Level 4 PDP: Constellation Reflection

Constellation has been really interesting and thought provoking this year, allowing me to challenge my ideas and the way I interpret other artist’s work. Although I initially found it intimidating to voice my opinions in lectures, being able to hear other students interpretations of work, working as a collective, and being encouraged to discuss my ideas was really beneficial. It allowed me to consider new concepts, and overall deepen my understanding of areas in art and design.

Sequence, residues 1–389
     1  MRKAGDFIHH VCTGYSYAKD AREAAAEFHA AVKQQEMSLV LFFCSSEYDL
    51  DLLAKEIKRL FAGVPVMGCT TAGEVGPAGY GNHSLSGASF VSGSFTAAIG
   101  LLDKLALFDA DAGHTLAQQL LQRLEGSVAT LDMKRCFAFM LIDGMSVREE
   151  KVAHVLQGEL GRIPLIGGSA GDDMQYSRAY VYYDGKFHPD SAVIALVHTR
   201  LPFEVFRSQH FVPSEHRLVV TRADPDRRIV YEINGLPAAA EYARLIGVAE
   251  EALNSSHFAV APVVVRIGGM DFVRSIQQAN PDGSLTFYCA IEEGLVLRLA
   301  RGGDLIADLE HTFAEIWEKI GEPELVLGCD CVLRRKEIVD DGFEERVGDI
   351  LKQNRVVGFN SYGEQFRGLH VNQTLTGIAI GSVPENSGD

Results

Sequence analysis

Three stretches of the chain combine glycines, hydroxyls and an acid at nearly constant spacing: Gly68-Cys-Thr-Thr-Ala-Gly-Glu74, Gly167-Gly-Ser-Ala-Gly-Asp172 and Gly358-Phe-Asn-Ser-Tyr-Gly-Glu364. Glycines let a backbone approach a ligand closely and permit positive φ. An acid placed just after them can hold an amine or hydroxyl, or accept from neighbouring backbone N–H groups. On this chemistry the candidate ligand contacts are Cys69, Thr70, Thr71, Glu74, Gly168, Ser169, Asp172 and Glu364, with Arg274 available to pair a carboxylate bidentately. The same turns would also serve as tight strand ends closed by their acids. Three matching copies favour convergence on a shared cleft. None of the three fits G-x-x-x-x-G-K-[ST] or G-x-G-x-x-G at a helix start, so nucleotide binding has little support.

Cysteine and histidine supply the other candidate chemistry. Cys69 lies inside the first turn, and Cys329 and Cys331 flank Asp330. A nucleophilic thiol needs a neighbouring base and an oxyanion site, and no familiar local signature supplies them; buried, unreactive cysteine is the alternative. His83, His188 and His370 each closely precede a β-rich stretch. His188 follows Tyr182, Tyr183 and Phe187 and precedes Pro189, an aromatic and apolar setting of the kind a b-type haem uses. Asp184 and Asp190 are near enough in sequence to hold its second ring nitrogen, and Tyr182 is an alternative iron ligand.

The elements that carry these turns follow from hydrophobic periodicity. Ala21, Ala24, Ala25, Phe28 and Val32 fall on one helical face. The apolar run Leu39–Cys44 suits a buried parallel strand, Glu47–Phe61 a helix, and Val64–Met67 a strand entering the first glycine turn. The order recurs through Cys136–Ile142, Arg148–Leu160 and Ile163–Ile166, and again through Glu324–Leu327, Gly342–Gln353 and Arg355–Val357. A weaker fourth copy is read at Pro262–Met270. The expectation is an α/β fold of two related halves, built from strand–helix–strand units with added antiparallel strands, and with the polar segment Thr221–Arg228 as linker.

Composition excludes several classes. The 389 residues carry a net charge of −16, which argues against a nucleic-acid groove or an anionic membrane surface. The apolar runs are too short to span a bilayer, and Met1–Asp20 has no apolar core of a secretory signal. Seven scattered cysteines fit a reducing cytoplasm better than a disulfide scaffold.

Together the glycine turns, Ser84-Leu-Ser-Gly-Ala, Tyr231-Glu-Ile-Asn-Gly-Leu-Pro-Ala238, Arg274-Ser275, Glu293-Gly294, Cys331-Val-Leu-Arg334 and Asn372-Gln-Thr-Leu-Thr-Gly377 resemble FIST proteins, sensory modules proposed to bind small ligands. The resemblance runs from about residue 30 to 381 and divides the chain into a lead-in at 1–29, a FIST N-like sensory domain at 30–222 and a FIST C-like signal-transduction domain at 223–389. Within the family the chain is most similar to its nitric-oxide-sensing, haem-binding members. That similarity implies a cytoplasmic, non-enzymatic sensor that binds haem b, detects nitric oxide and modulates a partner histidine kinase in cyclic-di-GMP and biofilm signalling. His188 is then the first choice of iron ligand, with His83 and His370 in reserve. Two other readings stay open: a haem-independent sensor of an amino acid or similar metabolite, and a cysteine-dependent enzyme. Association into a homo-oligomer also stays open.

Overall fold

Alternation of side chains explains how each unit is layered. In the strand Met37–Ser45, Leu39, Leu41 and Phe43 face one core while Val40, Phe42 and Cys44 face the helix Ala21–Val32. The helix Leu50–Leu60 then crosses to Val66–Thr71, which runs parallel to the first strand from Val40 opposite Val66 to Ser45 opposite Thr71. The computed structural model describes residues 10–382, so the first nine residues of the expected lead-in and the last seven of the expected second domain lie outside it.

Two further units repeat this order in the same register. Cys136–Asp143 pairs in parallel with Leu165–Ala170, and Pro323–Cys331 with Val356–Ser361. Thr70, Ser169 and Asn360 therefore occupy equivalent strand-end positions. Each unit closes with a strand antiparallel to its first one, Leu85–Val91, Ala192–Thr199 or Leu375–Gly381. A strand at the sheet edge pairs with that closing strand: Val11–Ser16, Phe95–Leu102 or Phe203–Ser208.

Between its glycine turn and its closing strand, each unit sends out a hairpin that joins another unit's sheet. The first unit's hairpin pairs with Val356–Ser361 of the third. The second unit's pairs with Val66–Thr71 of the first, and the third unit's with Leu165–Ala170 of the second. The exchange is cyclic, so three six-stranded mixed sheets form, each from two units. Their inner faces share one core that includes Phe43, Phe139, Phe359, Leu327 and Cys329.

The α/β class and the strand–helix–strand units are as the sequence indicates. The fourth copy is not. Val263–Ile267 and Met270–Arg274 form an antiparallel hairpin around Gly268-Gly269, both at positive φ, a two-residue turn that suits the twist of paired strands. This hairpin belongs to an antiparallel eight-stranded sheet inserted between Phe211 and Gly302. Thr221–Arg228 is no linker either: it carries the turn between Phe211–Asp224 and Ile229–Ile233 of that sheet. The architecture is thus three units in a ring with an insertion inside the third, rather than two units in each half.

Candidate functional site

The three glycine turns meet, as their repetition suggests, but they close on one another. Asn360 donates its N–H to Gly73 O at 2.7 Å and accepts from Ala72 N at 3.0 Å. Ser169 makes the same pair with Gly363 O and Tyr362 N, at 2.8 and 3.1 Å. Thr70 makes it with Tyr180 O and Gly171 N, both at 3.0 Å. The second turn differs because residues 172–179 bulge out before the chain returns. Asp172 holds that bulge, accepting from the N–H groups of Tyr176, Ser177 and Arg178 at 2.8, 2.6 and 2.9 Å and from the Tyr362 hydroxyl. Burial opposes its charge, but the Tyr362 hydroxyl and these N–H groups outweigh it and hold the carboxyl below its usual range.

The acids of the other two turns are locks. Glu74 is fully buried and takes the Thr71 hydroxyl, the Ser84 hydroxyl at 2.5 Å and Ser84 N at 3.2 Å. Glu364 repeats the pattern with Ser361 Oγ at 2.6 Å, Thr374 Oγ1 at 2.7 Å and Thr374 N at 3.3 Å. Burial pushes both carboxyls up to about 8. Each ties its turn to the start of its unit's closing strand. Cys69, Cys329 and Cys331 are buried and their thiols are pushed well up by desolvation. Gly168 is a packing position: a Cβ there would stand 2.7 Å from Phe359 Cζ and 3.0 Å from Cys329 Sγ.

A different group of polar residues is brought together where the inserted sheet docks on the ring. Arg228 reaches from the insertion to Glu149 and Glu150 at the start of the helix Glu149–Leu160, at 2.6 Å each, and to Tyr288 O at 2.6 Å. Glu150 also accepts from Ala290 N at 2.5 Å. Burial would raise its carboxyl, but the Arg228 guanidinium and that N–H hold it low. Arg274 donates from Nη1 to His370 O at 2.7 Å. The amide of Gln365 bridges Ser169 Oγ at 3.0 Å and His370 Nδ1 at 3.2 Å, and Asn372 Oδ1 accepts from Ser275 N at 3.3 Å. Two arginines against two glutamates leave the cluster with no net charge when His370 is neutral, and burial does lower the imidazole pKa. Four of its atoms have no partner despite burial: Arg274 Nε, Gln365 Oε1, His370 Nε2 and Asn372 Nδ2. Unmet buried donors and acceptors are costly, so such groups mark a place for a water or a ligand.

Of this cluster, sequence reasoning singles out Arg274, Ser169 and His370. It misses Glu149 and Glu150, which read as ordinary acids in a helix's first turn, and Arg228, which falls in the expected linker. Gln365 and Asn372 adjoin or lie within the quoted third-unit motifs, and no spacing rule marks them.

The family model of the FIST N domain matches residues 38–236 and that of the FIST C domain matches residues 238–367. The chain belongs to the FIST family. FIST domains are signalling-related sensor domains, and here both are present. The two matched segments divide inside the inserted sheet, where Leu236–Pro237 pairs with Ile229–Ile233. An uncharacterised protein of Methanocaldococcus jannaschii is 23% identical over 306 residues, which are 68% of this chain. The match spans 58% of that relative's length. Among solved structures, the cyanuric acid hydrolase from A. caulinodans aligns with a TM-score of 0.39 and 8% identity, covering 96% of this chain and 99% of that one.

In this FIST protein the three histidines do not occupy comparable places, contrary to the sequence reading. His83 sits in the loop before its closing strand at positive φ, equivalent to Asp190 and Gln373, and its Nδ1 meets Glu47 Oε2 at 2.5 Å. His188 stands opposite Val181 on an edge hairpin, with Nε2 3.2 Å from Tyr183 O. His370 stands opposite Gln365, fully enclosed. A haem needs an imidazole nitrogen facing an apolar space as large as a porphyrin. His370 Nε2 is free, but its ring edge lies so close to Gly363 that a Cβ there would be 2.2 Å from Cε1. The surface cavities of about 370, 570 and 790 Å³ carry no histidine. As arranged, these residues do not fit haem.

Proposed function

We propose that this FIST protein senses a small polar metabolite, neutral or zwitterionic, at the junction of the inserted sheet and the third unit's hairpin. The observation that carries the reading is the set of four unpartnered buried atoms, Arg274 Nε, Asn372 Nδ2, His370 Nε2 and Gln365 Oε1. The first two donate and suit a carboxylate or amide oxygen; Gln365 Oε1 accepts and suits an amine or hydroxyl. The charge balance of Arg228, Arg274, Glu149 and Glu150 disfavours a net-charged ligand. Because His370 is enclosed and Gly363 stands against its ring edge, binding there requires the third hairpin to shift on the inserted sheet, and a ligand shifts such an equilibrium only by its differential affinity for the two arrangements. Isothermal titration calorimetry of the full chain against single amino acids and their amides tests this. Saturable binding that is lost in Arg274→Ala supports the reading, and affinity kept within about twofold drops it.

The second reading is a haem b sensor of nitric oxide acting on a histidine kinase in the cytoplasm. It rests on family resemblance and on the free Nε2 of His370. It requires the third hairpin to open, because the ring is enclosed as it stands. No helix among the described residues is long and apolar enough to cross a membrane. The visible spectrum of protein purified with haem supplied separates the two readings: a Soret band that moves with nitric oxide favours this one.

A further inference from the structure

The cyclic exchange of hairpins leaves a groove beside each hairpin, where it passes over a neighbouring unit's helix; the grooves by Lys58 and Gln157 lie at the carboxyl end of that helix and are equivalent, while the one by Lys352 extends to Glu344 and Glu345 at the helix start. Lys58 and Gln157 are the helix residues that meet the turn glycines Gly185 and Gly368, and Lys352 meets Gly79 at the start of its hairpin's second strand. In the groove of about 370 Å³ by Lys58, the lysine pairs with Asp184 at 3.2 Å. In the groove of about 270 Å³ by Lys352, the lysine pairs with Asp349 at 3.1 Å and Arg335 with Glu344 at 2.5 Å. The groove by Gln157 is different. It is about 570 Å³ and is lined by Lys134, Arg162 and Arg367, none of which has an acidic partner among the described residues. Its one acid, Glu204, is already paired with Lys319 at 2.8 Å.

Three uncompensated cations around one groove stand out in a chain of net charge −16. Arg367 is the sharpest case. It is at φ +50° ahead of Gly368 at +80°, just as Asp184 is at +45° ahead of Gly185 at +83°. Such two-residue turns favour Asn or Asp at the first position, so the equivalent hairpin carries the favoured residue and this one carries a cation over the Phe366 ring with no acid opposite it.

In the first term I had After Modernism which was exciting as it taught me a lot more about the evolution of art movements and how world events caused their advance. After Modernism also had a direct influence on my own work as it introduced me to so many artists’ work that I was previously unfamiliar with. For example, in the Abstract Expressionism lecture we looked at the work of Art & Language, ’Portrait of V.I. Lenin with Cap, in the Style of Jackson Pollock III’ which inspired me to produce portraits in my subject brief that were almost unrecognisable and research into other abstract expressionist artists outside of the lectures. We also visited the Abstract Expressionism exhibition at the Royal Academy of Arts and the Tate Modern. Being able to view some of the work we had been discussing in lectures in person really benefited my understanding and learning as I think it can be easy to miss important details when looking at a photograph. It was also interesting to note the difference between the one viewpoint you get in photograph compared to the multitude of viewpoints you can get in person, and how the meaning behind the work can develop with this. Our visit to the National Museum Cardiff was particularly interesting as we not only discussed the work housed within the building, but the building itself and its architecture. Although having visited the museum many times, it was almost shocking how much I’d missed as it was hidden in plain sight. After having a discussion of the Gallery and Institutional Critique on the significance of the gallery’s layout, I can now appreciate the relevance of the surroundings in relation to the art. Through the After Modernism lectures I was introduced to work that encouraged abstract, conceptual ideas, that ended up inspiring my own work.